In a day, she is the general physician for over a 100 patients, some from as far as the Delhi-Faridabad Badarpur border. When News18 met her, it was past 1pm, closing time for mohalla clinics, yet the crowd was going strong — with coughs, colds, joint pains, boils, stomach problems, etc.

“I just wish I had more space,” Kaur said, as yet another patient turned up for tests referred by the nearby Pt. Madan Mohan Malviya hospital, a Delhi government hospital, as she functioned with lightning speed with a tablet, creating digital records, or looking up case histories of regular patients.

Though wary of “political” press attention on the clinic’s work, she called it a good model to work in.

In the waiting room, Rameshwari, a diabetes patient, waited with a boil on her foot. “She’s a good doctor, this clinic stays open till 2:30 or 3,” she said.

“The Malviya Nagar hospital had sent me here when I was ill last year for tests, so I trust this clinic for my children now,” said Geeta, a first-time visitor.

Unlike the commonly seen anger and frustration with government hospitals, the patients here had developed trust in the mohalla clinic. This was noted by the premier medical journal The Lancet in December 2016, as it read, “The initiative is aimed at expanding the reach and range of health services in unserved and underserved areas such as slums.”

In January 2017, former United Nations Secretary-General Kofi Annan, commended Delhi CM Arvind Kejriwal as the clinics were “consistent with the Universal Health Coverage goal” of the World Health Organisation (WHO).

“Those with money go to private clinics,” said Maheshwari, “but a government hospital saved my life.”

The mohalla clinics, said Dr Sengupta, were fulfilling the role of the general physician of yore, who would be known to and available to everyone in a residential area before the system was supplanted by specialists in hospitals.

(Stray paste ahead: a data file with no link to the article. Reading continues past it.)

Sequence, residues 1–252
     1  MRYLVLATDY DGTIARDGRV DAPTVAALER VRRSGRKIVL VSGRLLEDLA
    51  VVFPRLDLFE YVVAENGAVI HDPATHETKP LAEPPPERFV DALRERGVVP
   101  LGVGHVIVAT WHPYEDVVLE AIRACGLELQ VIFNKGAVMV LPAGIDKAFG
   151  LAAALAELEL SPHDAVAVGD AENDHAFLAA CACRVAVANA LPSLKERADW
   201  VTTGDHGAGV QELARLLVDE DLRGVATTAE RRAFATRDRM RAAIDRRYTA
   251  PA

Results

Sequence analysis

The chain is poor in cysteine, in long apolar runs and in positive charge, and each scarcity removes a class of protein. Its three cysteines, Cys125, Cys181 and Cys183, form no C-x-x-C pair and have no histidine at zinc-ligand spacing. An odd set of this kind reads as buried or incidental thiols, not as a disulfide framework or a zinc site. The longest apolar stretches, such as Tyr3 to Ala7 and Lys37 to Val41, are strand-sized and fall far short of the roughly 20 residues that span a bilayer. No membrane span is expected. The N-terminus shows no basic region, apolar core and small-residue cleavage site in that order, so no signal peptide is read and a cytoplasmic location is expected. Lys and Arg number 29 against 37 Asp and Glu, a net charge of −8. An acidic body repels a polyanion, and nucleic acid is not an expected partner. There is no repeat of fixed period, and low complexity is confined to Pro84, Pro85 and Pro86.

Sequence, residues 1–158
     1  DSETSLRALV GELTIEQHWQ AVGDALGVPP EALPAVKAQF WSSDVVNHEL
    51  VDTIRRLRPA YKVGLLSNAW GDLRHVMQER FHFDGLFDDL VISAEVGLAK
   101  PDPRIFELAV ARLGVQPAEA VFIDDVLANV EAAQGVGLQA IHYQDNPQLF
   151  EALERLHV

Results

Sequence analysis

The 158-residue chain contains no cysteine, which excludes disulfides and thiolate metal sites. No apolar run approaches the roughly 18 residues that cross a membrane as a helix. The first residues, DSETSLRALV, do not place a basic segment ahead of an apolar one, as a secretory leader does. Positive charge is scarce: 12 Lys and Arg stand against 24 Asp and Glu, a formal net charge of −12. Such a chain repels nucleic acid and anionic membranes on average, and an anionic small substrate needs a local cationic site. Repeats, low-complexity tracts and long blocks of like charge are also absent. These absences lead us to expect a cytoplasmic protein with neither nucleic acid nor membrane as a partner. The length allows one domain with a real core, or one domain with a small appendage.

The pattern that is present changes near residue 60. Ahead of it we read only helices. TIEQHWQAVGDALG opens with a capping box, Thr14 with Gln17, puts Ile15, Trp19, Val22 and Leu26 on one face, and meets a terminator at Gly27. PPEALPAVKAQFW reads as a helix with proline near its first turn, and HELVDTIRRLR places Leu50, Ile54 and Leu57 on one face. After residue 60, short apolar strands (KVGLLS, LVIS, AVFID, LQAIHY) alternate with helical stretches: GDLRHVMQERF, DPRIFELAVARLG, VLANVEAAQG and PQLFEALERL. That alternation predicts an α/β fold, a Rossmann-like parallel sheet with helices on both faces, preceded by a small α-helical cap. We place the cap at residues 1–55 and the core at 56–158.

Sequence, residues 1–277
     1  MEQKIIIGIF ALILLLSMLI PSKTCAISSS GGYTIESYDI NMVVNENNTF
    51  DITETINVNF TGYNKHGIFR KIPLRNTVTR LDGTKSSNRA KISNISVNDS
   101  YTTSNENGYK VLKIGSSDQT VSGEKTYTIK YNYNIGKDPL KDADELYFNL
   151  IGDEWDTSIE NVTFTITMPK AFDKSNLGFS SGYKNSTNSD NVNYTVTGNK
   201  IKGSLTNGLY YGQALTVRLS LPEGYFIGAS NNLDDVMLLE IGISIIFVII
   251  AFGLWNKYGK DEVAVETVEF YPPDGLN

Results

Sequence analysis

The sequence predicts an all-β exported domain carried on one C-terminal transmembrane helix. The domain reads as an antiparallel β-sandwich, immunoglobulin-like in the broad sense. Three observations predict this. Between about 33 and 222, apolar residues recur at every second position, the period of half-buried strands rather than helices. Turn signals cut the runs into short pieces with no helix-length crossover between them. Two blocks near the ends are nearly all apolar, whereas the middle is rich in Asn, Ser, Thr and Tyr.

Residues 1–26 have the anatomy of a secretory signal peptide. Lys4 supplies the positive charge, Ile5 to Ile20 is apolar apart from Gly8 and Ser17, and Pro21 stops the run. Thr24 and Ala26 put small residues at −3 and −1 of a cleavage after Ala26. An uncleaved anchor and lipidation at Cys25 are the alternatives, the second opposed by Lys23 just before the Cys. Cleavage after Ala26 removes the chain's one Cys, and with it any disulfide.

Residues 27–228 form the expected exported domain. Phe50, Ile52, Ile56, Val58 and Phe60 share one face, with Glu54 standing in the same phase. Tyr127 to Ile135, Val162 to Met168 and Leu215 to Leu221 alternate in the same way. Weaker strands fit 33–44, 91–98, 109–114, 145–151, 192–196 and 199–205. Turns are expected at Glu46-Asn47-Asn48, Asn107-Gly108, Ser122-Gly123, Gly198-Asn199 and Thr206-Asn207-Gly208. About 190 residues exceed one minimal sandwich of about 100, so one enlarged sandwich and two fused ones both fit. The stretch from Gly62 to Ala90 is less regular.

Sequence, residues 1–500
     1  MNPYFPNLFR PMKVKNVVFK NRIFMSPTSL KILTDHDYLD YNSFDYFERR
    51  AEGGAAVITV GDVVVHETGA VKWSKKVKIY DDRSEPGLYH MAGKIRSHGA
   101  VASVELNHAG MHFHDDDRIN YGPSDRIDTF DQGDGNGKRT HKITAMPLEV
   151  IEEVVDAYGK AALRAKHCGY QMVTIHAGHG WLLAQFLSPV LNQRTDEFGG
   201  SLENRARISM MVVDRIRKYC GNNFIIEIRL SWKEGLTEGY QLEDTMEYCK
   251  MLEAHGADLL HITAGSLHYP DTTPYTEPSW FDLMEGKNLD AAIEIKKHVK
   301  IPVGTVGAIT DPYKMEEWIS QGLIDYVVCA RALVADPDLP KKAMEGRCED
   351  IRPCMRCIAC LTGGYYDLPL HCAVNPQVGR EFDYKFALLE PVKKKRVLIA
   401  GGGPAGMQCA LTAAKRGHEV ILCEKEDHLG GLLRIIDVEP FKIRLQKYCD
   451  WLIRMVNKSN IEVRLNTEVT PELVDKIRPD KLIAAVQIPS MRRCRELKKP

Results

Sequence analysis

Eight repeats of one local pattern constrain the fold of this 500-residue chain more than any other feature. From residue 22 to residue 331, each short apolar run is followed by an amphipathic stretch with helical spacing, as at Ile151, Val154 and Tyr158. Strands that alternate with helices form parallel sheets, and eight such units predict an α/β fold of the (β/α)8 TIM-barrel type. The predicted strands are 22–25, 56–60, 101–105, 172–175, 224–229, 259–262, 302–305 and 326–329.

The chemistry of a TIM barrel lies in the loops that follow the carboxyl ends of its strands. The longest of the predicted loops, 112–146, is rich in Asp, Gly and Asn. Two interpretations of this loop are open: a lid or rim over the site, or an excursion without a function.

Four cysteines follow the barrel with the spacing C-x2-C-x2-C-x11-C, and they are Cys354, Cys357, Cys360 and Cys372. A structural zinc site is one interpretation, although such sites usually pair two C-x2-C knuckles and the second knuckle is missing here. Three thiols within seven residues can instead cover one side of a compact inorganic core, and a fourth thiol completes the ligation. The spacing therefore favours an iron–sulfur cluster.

It also comes close to what Dr Panda of PHFI said was needed in rural primary centres — a generalist who could treat fever, diarrhea, snakebites etc.

Instead, both Sengupta and he said, PHCs were staffed with physicians woefully under-trained to look at the various complaints and emergency situation.

Comparing the system to the UK’s National Health Service (NHS), he said it was staffed more with trained nurses, while Sengupta drew similar comparisons with Thailand’s health workers.

As examples of advanced urban primary healthcare, Dr Reddy drew comparisons with models in Singapore and Hong Kong.

However, as The Lancet noted, the project of expanding the clinics to 1,000 in a year has been “caught up in a political dispute”. Infighting among Delhi’s various authorities has stalled the opening of more clinics.

Though most public health specialists ruled in favour of the mohalla clinic, even it came up short as a model to be replicate.

“We don’t know what the outcomes of the mohalla clinics are as they’ve not been evaluated regularly,” said Panda. “Human resource is finite, and mohalla clinics are drawing people away from dispensaries and MCD clinics.”

India needs a cadre of trained public health professionals, not just doctors, for an ideal model, said Panda, adding that rural postings need to be incentivised for doctors.

Panda said that instead of putting money in dialysis centres, spending on equipping PHCs for preventive treatment would reduce the number of patients with failing kidneys. All it takes is political will, he said.